Grizzly bears pose a real threat to ranchers and livestock. The federal plan to reintroduce grizzly bears to the Washington Cascades has received significant pushback, and recent conflicts with bears in Oregon and Idaho have highlighted the struggle between conservation and preservation.

Ranchers and small communities will have to learn to co-exist with bears. But there's more to it than just grabbing a gun and praying for the best. Recently, the USDA and USFWS have offered insights from efforts in Montana's Blackfoot Valley to help ranchers reduce their losses and keep their livestock, workers, and families safe.

Montana's efforts to reduce rancher-bear conflicts

A number of strategies have worked in Montana to help ranchers live safely alongside bears. These include:

Calf carcass cleanup: Ranchers collect carcasses of failed calves at least twice a week during the calving season, and take them to a composting site away from the ranches (run by Montana Department of Transportation). This helps stay one step ahead of the bears, reducing their chance to get a taste of beef. It also removes the attractant of carcasses for bears and other predators like wolves or mountain lions.

Strategic electric fencing: Rather than wrap the entire ranch in electric fencing, ranchers protect their headquarters and calving areas with six-wire electric fencing, and three- or five- wire fencing in other vulnerable areas.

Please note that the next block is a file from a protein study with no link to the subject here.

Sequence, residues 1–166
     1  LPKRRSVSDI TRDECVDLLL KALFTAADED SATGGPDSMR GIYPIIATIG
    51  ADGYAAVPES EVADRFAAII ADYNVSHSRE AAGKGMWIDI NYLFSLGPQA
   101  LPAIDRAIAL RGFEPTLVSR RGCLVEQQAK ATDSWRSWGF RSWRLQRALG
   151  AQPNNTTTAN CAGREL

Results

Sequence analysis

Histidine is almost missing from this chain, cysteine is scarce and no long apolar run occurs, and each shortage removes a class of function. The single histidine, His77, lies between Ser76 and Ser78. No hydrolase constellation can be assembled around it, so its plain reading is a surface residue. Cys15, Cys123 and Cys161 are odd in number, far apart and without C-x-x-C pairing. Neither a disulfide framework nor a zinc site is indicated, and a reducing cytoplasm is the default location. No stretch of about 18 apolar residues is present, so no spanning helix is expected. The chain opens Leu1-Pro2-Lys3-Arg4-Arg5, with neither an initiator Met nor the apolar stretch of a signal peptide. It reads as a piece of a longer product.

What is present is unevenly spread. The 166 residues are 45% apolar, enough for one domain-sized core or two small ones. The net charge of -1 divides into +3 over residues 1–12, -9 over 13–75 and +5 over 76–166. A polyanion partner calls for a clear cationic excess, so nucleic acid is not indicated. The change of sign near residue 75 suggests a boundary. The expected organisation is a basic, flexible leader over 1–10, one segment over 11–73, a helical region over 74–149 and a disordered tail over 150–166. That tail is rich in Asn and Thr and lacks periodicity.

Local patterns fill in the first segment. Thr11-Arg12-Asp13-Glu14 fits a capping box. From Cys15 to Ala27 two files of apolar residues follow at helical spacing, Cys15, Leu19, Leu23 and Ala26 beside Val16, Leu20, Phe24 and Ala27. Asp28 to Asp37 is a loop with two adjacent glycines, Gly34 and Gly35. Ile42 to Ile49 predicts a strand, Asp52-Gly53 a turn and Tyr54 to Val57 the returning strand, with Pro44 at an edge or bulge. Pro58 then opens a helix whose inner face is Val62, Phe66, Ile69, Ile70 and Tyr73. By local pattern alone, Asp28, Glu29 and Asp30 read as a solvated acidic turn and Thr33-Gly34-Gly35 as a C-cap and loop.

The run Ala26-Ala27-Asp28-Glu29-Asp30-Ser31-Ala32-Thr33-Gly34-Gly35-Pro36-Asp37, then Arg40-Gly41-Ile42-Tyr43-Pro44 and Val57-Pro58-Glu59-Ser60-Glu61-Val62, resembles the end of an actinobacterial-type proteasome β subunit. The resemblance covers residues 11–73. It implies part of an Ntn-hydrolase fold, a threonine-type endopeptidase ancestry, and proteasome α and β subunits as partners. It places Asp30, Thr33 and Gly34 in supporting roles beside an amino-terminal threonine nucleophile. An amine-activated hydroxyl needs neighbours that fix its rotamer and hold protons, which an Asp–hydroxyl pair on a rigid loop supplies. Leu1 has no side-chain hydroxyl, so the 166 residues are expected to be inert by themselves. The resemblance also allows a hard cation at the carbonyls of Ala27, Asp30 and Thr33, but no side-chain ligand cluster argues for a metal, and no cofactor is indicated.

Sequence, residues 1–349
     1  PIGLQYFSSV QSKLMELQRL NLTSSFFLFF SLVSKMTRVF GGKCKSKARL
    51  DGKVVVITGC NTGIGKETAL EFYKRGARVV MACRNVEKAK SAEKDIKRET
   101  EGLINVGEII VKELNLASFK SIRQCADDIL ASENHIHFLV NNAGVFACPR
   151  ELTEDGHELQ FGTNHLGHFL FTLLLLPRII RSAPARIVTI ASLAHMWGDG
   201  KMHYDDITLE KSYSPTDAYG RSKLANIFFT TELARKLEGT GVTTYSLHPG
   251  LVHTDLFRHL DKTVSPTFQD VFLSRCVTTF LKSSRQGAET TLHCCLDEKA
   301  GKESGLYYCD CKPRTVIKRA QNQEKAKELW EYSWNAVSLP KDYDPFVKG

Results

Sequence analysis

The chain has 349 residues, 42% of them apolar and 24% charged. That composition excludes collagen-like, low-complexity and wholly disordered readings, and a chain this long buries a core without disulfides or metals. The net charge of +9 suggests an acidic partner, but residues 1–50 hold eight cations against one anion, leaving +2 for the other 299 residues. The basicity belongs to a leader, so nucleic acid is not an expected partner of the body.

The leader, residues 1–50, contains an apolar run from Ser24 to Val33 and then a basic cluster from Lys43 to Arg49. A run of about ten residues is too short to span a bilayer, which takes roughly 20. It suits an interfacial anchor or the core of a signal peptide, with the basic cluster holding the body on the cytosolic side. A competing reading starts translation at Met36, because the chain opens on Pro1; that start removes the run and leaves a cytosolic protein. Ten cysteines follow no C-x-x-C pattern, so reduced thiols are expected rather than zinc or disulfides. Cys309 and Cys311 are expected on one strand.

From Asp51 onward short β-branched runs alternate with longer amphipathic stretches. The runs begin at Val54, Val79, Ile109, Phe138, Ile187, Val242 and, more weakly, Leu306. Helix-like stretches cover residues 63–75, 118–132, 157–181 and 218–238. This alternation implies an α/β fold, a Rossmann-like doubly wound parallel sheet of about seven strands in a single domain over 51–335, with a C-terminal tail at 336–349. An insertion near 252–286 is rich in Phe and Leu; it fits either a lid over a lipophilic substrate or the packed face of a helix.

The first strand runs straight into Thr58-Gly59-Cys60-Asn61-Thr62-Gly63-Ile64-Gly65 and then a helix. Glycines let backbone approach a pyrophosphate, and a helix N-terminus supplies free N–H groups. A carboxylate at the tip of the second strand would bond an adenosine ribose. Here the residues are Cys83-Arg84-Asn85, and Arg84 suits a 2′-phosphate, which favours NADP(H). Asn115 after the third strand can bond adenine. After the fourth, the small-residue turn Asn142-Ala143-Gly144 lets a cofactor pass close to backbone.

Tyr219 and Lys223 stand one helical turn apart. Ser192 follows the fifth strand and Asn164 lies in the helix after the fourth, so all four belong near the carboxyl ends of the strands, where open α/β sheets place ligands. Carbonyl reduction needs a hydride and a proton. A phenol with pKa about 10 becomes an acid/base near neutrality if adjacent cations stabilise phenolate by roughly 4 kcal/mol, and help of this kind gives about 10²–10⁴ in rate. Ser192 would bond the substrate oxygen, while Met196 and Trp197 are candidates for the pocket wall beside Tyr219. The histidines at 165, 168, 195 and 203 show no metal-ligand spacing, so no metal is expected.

Electric mats in place of gates: Instead of manual gates, ranchers can install electric drive-over mats where electric fencing is used. This helps keep bears and other animals out, without worrying about opening and closing gates throughout the day, as illustrated in this short video:

Secured animal feed: Feed is secured in metal cargo containers that bears can't access or break into.

Range riders: Riders regularly patrol the ranch, taking note of nervous livestock, looking for tracks, and checking for maintenance issues. Not only does this help ranch operations, but it also puts regular human presence in areas to deter bears from wanting to get close.

Bear deterrence isn't cheap and can't be done alone

Wayne Slaght, the rancher featured by the USDA, notes one key issue: while the burden is on ranchers, they can't do it alone. It requires partnership from local, state, and federal organizations to put all these measures in place. Said Slaght:

“Without these partners, we cannot do these projects because they just cost too much, and this is all on us."

As new grizzly introduction plans get underway, ranchers and producers will need to put pressure on local agencies to offer grants and assistance in protecting their operations.

Map of grizzly bear recovery zones in the US
US Fish and Wildlife Service

Thinking bear-smart

The goal of ranchers should be to make it more difficult for bears to hunt cattle and other livestock than it is to hunt elk, deer, and other wild prey. Bears will always take the easiest option.

It's also important to consider other aspects of bear prevention on the ranch, including protecting compost, clearing away fallen fruits and nuts, and keeping areas well lit.

For local resources to deal with grizzly bears or other wildlife, contact your local NRCS office.

What "TO DO" and What "NOT TO DO" if You See a Bear And the Bear Sees You...

Intimate Look at Idaho Grizzly Bear Den

It isn't every day that you get to see such a marvel in nature--here in Idaho we're surrounded by it, but sometimes we just don't know what to look for!

The Idaho Department of Fish and Game recently shared some photos of their discovery in the wild and it's so amazing to see!

Gallery Credit: Credit: Mateo, 103.5 KISS FM